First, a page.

I have a history of substance abuse in my family. Coming from an entertainment industry family of the 70s, 80s and 90s, you can imagine all the drugs and addition that went through that. So I definitely have an understanding how brutal addiction can be and just how dark. With the music video, the story with alcoholics is that they’ll find themselves closed off from the outside world and put themselves in their own home.
So the idea of the video is being stuck in the house with the addiction, which was personified in kind of a devilish form in the video, but it’s really about not being able to pull yourself away from it and being trapped. It’s something I feel like a lot of people have felt in one way or another. Again, whether it’s with early relationship or long relationships or actual substance abuse, I feel that it’s just such a common feeling.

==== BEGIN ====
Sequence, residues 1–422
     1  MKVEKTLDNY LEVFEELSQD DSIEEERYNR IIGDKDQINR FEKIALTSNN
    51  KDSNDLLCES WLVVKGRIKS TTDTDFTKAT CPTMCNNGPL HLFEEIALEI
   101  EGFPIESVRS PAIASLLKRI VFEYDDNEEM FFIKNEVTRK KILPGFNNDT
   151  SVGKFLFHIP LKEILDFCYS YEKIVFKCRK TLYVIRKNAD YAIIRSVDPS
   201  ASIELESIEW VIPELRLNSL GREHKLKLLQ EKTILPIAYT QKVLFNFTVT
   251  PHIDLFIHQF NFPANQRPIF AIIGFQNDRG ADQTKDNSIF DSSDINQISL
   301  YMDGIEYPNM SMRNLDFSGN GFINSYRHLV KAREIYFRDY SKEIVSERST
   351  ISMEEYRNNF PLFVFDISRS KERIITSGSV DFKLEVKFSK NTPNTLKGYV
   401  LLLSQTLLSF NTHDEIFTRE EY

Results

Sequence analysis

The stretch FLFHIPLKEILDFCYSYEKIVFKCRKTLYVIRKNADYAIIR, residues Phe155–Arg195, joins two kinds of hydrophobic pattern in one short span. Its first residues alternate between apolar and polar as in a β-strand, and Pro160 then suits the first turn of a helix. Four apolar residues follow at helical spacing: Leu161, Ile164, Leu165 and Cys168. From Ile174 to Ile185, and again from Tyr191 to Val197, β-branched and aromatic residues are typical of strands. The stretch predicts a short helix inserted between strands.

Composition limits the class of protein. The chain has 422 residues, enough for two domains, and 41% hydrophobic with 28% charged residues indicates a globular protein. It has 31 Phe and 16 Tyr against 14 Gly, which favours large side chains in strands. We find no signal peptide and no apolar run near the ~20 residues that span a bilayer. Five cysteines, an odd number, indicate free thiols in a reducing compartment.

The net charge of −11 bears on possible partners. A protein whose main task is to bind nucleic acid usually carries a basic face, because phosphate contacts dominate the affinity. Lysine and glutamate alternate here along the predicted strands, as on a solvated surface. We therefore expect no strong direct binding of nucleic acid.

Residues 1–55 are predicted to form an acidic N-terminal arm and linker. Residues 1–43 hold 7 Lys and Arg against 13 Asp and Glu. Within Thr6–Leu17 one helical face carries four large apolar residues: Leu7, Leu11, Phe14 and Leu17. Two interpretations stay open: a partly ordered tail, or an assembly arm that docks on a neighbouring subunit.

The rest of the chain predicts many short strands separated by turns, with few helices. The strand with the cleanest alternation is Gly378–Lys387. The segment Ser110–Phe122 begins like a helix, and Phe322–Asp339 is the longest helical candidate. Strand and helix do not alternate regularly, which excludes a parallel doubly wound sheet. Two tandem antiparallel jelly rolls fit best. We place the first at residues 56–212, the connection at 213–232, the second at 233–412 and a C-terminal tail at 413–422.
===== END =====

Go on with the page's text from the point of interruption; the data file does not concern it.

Smashing Interviews Magazine: So you’re not speaking from personal experiences you've had yourself?
Jake Hays: It’s primarily observation, however, I’ve been a big weed advocate for the past decade of my life. I do notice the addiction tendencies with weed. Certainly with my parents, I know that I have addictive tendencies in my blood. My mom’s dad died an alcoholic. He literally died from cirrhosis of the liver. I grew up really being aware of alcohol and aware of how evil it can be and the hold it can take on you. It thankfully caused me to be a hell of a lot more cautious when it came to that stuff and just to be aware of not taking things too far.
However, with marijuana, I definitely found a friend in that, especially creatively and with stress. This was my way of eliminating high stress levels without having it turn into something more detrimental health wise or turning to actual drugs that I never wanted to touch. Weed was my way of avoiding all that stuff. But yet, I can still recognize the tendencies in it. But, yes, in a long-winded way of answering your question, it’s primarily witnessing addiction happen in other people that I’m close to.